In Below the Surface “Hobart Bosworth, the inimitable”—to adopt Motion Picture News’ characterization—is at his height as an actor and at age fifty-two still performing his own underwater stunts. At the turn of the century he’d abandoned a stage career to come west as treatment for the tuberculosis that he never fully shook, not that you’d guess it from the physicality of his film performances. He held records for underwater endurance—put to use for the free-dive rescue sequence near the end of this film—having adopted the theory of a Santa Rosa physician that “underwater tests are beneficial to lung sufferers.” Bosworth had run away from his naval officer father to go to sea at age twelve. He’d been integral to California’s first movie studio when he joined Selig Polyscope in 1909 and, as he put it about the stunt work in his 150-some Selig shorts, “I feel a particular personal interest in California because I have fallen down most of it, either from the top of a cliff or from a horse.”
Bosworth has been accused of overacting, but that is to confuse the wild storylines of so many of his films with his performance style, which is surprisingly restrained, as exemplified in Below the Surface. Deep-sea diver “Martin Flint” can, his surname notwithstanding, be teasingly warm with his wife and son, but when Bosworth’s shock of gray hair falls over his piercing eagle eyes, the mustachioed schemer had best watch out! This is an old, blue-eyed salt you don’t want to cross! Proto-Clint Eastwood, Bosworth understood that he needn’t do too much, letting his expressive hands, steady gaze, and the postures of his six-foot-two frame do the work. Adding to the otherworldly threat in Bosworth’s glare is the way his light blue eyes registered as almost white on the orthochromatic film stock then in use in Hollywood. By the time of Captain January (1924), his eyes appear more natural, thanks to panchromatic stock, just in time for his series of wealthy father roles, notably in The Big Parade (1925), My Best Girl (1927), and A Woman of Affairs (1928).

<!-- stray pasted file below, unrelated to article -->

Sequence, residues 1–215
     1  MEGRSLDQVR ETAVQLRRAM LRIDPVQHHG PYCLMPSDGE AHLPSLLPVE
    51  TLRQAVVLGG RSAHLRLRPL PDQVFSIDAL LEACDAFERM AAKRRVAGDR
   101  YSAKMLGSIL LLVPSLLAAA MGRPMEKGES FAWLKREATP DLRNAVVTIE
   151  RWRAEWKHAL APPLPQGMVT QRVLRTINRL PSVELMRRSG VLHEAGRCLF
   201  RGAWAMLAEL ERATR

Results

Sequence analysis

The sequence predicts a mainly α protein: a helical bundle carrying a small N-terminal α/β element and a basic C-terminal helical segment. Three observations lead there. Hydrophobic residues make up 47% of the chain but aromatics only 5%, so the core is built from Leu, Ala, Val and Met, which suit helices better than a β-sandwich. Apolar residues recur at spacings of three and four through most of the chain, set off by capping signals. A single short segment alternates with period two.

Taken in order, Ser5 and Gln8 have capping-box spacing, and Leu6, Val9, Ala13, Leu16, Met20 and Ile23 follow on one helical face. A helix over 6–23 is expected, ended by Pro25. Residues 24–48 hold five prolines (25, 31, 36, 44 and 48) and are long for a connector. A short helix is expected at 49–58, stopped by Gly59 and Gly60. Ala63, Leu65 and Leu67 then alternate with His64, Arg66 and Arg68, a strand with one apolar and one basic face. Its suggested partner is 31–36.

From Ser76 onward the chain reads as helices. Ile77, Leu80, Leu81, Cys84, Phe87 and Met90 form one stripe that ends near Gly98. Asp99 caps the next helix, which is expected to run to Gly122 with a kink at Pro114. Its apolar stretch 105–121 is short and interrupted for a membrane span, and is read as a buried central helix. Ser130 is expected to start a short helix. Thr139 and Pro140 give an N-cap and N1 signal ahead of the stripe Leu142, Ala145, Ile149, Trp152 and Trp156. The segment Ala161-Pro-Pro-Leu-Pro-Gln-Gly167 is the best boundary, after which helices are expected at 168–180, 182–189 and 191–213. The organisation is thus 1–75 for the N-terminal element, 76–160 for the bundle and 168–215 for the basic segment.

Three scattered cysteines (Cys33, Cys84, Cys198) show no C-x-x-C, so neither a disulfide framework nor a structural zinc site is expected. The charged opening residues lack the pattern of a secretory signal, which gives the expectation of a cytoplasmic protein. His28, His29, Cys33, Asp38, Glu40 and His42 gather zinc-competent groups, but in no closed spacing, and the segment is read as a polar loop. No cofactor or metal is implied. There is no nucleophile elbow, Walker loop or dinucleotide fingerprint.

Anxious to get this follow-up into theaters, Ince began production on Below the Surface the same month—November 1919—that Behind the Door wrapped. But by mid‑winter, even Southern California proved far from ideal for shooting a sea adventure. Bad weather and churning oceans on location off Catalina Island made most of the first three weeks of footage unusable, and in January 1920 Bosworth had to reshoot his dives in a tank on Ince’s new Culver City lot. The Maine fishing island was erected in a Japanese American fishing village just north of Santa Monica, near the old Inceville studio.